Bringing LED lights to the remote Amazon revealed nuanced threats to insect biodiversity

April 4, 2021
Some kinds of light are more dangerous to insects. (Unsplash/Sergei Zolkin)

Some kinds of light are more dangerous to insects. (Unsplash/Sergei Zolkin)

Researchers are calling for fewer outdoor white LED lights, after determining that reducing the blue spectrum of artificial light can lessen the attraction of insects to nighttime light sources and minimize the dangers posed to insects.

The study, published March 16 in Insect Conservation and Diversity, found that amber light attracts far fewer insects, suggesting that reducing this threat to insects can be done without sacrificing the numerous benefits of artificial light at night, also known as ALAN.

"Virtually every type of development has artificial light at night, so these recommendations that have come out of this project can be applied in really any sector that's using ALAN," first author Jessica Deichmann said in an interview with The Academic Times. Deichmann is a tropical ecologist with the Smithsonian Institution, where she works on projects exploring the impact of infrastructure development on biodiversity.

Artificial light is ubiquitous in developed societies, but it poses great harm to the animals in that environment. At night, it interferes with insects' ability to navigate, hunt and mate. It also makes them more vulnerable to predators. Many insects simply starve because they cannot escape the light long enough to feed.

The effects of introducing artificial light are especially noticeable in undeveloped areas that have never used it before.

"So when you take the light and you illuminate an area for the first time you're basically, from the perspective of an insect, bringing a giant moon down to earth and putting it right in their faces," Deichmann said. "And that is a problem because they respond more strongly to that stronger stimulus of light, and they cannot get away from it. So when they are drawn to it, they're stuck there in a death spiral."

Blue spectrum light in particular has gained a lot of attention in recent years because while it is the most energy-efficient mode of light, it is also known to have negative effects on human health, including disruption of sleep. Deichmann and her colleagues were interested in evaluating whether the intensity of blue spectrum light made this light more harmful for insects.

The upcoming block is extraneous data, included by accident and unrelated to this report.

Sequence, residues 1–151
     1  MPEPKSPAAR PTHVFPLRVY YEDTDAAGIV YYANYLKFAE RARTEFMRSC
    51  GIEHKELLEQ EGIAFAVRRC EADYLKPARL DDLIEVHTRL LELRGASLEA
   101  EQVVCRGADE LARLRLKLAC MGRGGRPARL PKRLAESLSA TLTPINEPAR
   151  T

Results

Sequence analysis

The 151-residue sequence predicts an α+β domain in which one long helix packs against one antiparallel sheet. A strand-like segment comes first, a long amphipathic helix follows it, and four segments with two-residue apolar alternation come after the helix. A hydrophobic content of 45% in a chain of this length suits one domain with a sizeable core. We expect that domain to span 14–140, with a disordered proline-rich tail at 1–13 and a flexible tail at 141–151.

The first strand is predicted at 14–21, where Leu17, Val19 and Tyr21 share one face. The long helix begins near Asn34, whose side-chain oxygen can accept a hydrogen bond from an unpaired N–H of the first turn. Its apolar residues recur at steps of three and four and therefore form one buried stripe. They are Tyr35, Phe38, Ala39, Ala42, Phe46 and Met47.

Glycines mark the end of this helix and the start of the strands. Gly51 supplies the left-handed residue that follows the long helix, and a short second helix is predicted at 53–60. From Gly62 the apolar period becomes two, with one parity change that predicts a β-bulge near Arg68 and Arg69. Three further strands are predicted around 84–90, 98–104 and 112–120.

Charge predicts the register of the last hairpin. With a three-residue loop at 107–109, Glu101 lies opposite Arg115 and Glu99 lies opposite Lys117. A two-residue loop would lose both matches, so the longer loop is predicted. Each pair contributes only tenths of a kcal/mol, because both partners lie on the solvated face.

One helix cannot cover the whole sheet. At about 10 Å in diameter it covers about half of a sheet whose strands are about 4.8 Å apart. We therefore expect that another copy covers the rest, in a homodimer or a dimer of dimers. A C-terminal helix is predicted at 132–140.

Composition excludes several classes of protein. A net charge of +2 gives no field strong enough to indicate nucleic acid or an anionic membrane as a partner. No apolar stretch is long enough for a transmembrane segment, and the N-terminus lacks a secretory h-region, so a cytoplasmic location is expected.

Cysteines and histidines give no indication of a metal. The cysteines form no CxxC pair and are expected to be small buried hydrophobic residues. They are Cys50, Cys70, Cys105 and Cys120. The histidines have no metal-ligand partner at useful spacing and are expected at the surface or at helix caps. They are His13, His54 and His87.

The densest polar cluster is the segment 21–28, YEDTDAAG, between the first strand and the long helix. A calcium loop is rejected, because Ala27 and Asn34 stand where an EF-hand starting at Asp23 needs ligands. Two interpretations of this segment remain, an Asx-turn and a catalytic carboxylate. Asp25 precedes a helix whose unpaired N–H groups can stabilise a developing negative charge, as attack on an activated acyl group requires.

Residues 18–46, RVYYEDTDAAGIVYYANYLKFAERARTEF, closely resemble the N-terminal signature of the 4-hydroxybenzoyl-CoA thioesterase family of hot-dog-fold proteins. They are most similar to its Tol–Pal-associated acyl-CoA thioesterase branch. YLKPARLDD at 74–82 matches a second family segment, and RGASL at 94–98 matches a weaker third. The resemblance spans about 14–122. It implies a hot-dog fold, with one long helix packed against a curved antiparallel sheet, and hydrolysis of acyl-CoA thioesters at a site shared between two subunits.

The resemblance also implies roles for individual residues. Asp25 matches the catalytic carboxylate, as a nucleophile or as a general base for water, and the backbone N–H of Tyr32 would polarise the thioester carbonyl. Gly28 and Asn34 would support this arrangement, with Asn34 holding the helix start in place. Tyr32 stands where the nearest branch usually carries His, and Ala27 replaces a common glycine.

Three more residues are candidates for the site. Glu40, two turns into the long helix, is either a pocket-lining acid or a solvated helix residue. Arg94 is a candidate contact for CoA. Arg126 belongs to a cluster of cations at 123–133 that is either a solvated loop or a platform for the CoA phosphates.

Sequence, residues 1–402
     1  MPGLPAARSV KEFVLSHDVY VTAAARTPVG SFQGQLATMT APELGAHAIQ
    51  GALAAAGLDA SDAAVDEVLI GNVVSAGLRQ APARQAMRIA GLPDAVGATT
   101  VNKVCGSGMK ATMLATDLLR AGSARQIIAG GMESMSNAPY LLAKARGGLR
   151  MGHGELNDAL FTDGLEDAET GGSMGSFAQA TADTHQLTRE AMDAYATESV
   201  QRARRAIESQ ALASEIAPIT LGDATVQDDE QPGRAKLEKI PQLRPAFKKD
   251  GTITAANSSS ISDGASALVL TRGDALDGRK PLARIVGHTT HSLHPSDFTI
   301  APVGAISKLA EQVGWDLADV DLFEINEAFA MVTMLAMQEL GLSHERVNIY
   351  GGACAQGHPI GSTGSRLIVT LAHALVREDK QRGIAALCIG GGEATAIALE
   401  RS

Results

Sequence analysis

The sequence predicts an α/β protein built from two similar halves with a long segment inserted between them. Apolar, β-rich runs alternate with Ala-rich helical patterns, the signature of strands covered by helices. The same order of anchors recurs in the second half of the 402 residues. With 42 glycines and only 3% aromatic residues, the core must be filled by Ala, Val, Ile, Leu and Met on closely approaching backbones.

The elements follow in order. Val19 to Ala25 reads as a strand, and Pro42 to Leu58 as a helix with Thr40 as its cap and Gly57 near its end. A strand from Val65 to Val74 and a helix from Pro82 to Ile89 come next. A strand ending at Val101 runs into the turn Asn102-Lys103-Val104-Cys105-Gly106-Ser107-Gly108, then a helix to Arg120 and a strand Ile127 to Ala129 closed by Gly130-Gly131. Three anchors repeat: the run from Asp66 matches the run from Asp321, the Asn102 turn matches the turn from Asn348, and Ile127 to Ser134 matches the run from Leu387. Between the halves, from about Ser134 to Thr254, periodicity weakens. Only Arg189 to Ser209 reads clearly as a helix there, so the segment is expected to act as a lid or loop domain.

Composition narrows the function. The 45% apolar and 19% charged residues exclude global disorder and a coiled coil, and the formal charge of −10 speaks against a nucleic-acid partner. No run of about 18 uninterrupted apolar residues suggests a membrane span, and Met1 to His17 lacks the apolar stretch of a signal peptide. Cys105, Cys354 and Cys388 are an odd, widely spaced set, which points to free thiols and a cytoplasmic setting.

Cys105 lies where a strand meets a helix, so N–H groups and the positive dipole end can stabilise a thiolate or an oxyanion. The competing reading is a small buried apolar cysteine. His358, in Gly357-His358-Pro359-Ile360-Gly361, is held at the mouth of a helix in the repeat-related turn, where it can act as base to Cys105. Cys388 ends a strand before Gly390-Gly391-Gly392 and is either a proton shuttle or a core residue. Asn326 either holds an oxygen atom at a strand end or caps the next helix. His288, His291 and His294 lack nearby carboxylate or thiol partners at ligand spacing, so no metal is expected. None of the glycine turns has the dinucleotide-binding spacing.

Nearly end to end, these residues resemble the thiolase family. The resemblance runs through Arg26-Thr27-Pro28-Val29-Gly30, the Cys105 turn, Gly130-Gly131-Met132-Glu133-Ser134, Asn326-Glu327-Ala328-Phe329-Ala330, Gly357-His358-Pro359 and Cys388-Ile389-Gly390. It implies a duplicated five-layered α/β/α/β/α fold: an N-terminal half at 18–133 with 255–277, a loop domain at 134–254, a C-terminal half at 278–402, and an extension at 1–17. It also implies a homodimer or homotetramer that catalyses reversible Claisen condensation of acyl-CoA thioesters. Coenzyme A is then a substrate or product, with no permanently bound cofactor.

Amber LED light is frequently used in photosensitive processes, such as the production of semiconductors and in biomedical research. However, it is significantly less bright than its blue spectrum counterparts, which has made it less desirable for outdoor lighting. 

Research has already suggested that amber LED lights may have less impact on wildlife, but their specific effects on insects have not been fully investigated.

To fill this gap, the researchers set their sights on the Peruvian Amazon, a region almost completely unexposed to artificial illumination. They evaluated three different types of artificial light with varying levels of blue spectrum. Lighting their various test sites in a single night proved a massive logistical effort due to difficulties importing and transporting bulky lighting equipment to these remote regions.

However, this effort paid off. The results were clear.

White LED light, which contains the most blue spectrum, attracted 1.6 times as many insects as yellow light and 1.8 times as many as amber light. Overall, the white light attracted 15.3 times as many insects as the control trap without light.

Notable exceptions were click beetles and fungus gnats, two insect families that contain bioluminescent species in the Amazon. These families were most attracted to the amber light. However, the vast majority of pollinators and vectors for disease were more attracted to the white light.

Considering these findings, the researchers recommend that both current and new developments adopt filtered, amber light in outdoor locations at night to minimize the impact on insects.

"What we're really hoping is that there'll be uptake from this by the private sector that's building new infrastructure and conducting development in remote places," Deichmann said. "It can also be taken up by new communities or existing communities or communities that are becoming recently or newly electrified. And then by the government and national regulations."

However, it is not all up to large governing bodies. Deichmann explained that even individuals can contribute by switching out their personal outdoor LED lighting for amber lights. These small actions can accumulate and they do not just benefit insects, but humans as well. Not only can mass insect mortality significantly damage ecosystem services that people depend on, Deichmann noted, it can also draw insects closer to where humans are.

"Those insects that transmit diseases are also attracted to light, but it doesn't seem like they're so attracted to light to the point of mortality," she said. "[If] I can't convince you that you should be saving insects, then think about yourself. These lighting lessons are important for human health, as well as insects."

The study, "Reducing the blue spectrum of artificial light at night minimises insect attraction in a tropical lowland forest," published March 16 in Insect Conservation and Diversity, was authored by Jessica L. Deichmann, Christian Ampudia Gatty, Juan Manuel Andía Navarro, Alfonso Alonso, Reynaldo Linares-Palomino, Smithsonian National Zoo and Conservation Biology Institute; and Travis Longcore, University of California, Los Angeles.

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